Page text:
Similarities between the situation faced by Benazir Bhutto in 1970s and Maryan Nawaz Sharif in 2020 may be uncanny or may be simply an outcome of similar nature of the political conflict that led to the rise of two ladies in Pakistani politics—Confrontation with the military establishment is common between the rise of Benazir Bhutto and Maryam Nawaz Sharif. The basic nature of treatment meted out to two families is quite similar. The military junta of Zia wanted to eliminate Bhutto and for him only possibility of that happening was to murder him and in the process used judiciary quite shamelessly. More or less the same story was repeated in 2020, with the only difference that Sharif never faced the threat of physical elimination.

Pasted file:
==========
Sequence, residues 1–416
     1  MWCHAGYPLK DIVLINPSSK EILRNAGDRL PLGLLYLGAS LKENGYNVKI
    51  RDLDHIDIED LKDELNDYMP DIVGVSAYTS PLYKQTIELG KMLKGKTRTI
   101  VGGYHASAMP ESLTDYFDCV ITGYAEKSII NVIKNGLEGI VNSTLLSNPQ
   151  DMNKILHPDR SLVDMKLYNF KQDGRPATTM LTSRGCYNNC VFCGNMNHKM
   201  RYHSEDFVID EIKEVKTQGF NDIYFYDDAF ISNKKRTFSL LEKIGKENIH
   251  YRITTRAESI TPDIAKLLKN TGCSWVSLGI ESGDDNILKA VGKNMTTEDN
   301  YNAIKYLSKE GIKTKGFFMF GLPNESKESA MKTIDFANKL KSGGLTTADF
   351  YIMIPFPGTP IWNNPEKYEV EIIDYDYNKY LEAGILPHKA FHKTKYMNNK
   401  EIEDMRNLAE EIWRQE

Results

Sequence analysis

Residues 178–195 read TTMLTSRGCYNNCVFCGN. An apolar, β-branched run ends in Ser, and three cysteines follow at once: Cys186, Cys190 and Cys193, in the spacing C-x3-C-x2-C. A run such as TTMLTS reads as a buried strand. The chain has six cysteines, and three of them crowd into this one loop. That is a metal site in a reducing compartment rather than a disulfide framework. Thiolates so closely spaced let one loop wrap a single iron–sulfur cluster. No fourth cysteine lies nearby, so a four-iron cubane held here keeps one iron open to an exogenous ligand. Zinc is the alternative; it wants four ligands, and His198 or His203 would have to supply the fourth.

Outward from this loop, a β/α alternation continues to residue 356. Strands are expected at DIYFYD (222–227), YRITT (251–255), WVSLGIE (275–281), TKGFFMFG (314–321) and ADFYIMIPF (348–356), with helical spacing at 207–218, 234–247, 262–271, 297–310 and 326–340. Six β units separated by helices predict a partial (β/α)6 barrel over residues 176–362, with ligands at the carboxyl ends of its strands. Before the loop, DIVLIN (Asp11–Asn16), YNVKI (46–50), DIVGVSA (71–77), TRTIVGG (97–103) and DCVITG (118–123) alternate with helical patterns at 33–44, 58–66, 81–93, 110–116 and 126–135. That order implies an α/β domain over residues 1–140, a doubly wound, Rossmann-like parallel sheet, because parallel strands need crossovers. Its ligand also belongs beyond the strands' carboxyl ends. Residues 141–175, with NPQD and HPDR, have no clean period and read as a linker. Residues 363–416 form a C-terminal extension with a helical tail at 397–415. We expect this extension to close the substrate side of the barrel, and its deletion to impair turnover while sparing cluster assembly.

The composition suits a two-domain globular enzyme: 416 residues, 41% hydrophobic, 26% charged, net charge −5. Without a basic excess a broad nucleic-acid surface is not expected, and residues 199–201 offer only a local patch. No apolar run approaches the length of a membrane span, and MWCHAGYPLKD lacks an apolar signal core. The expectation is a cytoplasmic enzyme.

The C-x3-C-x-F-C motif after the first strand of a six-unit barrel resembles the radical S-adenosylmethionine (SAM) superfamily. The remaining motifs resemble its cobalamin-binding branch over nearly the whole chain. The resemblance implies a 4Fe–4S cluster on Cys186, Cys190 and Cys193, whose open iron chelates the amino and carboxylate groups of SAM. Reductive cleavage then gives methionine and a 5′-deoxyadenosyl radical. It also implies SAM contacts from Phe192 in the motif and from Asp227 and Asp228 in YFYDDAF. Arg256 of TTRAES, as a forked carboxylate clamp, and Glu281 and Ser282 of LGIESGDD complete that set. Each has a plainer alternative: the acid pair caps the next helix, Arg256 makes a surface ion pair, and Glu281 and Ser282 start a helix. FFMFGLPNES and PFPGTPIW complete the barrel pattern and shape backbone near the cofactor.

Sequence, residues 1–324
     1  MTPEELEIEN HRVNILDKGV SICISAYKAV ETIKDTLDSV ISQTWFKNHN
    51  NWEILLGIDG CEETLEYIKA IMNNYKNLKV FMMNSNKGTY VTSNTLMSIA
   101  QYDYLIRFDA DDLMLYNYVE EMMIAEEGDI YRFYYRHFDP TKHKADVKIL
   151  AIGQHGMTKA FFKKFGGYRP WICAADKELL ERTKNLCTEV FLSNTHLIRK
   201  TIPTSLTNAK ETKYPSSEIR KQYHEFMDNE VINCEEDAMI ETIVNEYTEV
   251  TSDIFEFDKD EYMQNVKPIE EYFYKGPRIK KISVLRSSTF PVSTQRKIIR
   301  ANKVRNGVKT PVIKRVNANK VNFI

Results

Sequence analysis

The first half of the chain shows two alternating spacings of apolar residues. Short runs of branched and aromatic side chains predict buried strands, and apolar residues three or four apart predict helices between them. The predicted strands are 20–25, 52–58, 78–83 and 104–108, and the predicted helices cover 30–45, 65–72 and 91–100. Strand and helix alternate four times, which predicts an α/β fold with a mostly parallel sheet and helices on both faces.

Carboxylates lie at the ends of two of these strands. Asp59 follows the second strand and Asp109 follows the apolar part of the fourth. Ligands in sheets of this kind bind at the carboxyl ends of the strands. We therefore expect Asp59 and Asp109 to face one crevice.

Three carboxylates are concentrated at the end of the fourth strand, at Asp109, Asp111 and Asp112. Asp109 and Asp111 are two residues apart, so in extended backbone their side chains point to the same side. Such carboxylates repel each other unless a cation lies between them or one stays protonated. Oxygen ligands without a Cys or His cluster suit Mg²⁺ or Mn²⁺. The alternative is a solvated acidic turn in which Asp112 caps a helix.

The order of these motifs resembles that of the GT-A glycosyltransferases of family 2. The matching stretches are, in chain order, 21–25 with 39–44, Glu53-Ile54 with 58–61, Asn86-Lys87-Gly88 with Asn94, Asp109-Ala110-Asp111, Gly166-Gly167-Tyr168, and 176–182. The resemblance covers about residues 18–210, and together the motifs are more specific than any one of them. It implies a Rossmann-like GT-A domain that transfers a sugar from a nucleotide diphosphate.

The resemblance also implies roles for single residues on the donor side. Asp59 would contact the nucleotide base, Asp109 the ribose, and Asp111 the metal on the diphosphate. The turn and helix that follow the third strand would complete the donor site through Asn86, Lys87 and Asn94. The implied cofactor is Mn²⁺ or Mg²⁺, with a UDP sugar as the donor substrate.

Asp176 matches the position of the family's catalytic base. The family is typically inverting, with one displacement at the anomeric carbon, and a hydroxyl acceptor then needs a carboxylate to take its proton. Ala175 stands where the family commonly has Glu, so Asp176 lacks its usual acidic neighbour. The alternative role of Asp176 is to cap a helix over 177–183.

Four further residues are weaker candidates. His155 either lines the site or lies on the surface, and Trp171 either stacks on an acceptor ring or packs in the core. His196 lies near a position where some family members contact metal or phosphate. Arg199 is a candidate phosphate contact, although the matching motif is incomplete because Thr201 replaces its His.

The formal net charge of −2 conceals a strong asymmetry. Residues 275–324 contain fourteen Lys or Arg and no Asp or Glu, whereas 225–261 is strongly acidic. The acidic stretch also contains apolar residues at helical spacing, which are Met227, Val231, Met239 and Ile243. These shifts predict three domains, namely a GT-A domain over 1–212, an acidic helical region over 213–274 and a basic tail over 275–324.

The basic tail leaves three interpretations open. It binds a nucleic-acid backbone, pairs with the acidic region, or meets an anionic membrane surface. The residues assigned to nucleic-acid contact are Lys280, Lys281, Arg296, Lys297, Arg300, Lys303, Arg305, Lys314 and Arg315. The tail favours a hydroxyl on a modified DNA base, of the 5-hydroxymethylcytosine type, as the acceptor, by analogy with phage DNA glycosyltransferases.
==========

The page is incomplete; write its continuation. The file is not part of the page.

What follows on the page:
But similarities stop there. Besides, it was similarity of circumstances only and not the resemblance of character or toughness between the two ladies. Benazir Bhutto spent almost five years in the jail of Military Government most of this time was spent in solitary confinement and what terrible times it was. Some would argue that Maryam Nawaz Sharif had also spent several months in jail. She has been hounded by state machinery even when living a free life out of jail. But comparing the 1970s and early 1980s with the situation in 2020 will be a gross mistake. Maryam Nawaz Sharif is in a much more comfortable situation. It is not that Pakistani state has become less oppressive in this intervening period.